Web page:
Binnington began the 2016-17 season in a starting role for the Chicago Wolves of the American Hockey League but lost the job to highly-touted prospect Ville Husso by late December after being suspended for one game for his part in a line brawl. Husso reeled off eight straight wins and Binnington didn't appear in a game until Jan. 22.

A month later, goalie Pheonix Copley was traded to the Washington Capitals and Binnington was back in the mix in Chicago. He was playing well, but head coach Craig Berube (now the Blues’ bench boss) gave Husso the bulk of play late in the regular season and in the playoffs.

"I didn't lose in regulation for 14 games or something and still wasn't the guy. I think it was an experience I needed to go through, getting shoved aside, feeling like my back was against the wall," said Binnington, who almost single-handedly has carried the Blues to a franchise record 11 straight wins through Wednesday.

"I think I've been pretty resilient ever since."

Before clearing waivers and refusing a demotion to the ECHL ahead of the 2017-18 campaign, Binnington determined he needed to work harder and change his lifestyle if he wanted to realize his NHL dream.

"In [previous] summers, I could have put more work in. I could have stayed [home] a little more, for sure," recalled the native of Richmond Hill, Ont. "Toronto is a fun city but when you find yourself in a position where you're not where you want to be [in your career] and you're not making your family as proud as you can, it really hits you. [The extra-curricular stuff] isn't worth it.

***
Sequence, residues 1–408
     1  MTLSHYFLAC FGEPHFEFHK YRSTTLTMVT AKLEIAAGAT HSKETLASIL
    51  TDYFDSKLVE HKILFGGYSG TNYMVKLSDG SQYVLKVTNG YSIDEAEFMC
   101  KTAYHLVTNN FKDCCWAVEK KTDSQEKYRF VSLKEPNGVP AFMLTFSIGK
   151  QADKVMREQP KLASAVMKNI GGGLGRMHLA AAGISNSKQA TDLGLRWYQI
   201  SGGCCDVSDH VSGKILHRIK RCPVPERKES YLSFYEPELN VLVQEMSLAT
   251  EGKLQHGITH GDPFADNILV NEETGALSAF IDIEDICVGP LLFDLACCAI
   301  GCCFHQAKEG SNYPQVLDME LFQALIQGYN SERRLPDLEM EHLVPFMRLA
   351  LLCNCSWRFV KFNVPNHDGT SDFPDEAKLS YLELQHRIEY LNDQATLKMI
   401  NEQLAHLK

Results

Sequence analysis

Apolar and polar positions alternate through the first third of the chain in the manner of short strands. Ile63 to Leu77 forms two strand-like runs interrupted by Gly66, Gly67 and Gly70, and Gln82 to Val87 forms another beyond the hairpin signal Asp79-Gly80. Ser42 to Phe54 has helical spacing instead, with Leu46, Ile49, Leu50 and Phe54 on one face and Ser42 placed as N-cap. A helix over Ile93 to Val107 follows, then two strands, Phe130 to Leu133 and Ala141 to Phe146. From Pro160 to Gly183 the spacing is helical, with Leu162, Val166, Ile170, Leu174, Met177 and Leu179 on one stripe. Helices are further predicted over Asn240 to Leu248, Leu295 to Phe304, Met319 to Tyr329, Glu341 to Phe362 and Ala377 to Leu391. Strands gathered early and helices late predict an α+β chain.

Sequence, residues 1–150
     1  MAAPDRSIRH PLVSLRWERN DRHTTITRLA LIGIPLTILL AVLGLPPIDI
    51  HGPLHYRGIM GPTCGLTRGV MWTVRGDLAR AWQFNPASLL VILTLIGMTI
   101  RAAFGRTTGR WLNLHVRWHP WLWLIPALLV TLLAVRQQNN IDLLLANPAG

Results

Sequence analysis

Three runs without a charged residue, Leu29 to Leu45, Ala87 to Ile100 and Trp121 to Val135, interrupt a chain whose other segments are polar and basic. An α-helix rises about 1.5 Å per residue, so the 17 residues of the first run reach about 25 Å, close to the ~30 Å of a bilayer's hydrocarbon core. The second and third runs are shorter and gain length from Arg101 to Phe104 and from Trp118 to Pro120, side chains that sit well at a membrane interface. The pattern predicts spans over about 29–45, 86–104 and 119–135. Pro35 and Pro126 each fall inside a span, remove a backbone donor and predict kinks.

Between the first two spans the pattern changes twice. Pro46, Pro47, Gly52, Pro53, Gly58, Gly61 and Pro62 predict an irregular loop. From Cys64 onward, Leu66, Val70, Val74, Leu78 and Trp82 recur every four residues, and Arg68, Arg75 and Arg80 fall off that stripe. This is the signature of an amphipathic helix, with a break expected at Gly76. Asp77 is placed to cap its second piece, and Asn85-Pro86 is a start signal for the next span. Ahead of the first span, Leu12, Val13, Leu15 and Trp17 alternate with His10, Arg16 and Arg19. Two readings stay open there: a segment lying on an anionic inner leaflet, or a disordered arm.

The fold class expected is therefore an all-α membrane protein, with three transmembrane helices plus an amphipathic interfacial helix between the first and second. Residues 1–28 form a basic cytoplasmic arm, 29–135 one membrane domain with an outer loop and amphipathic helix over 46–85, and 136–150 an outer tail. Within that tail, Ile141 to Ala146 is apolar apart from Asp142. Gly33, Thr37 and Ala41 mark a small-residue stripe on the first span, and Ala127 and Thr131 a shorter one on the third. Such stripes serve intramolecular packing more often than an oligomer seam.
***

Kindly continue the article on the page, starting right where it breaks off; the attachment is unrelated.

Wolves goalie coach Stan Dubicki remembers a younger Binnington possessing "so much natural ability" and a quiet confidence in the AHL with Chicago. (Frank Jansky/Icon Sportswire via Getty Images/File)

"But it wasn't a snap-of-the-finger fix. I had a good mentor in [goalie development coach and ex-NHLer] Andy Chiodo. He kept me honest, and working with [strength and conditioning coach] Matt Nichol [in Toronto] was good. He showed me a way to believe in myself and use my talent again. I like where my head's at right now."

Binnington, who was loaned to the Boston Bruins’ AHL affiliate in Providence, Mass., last season and represented the team at the all-star game, entered Blues’ training camp five months ago as their No. 4 goalie behind Jake Allen, Chad Johnson and Husso. He was later sent to St. Louis’ new AHL club in San Antonio, Tex., to start the season.

But Binnington soon wrested away the starting role from Husso and was recalled by the Blues on Dec. 9 after Johnson exited on waivers and Husso got hurt. He replaced Allen in a couple of losses before blanking the hometown Philadelphia Flyers on 25 shots for his first NHL win in his first start on Jan. 7.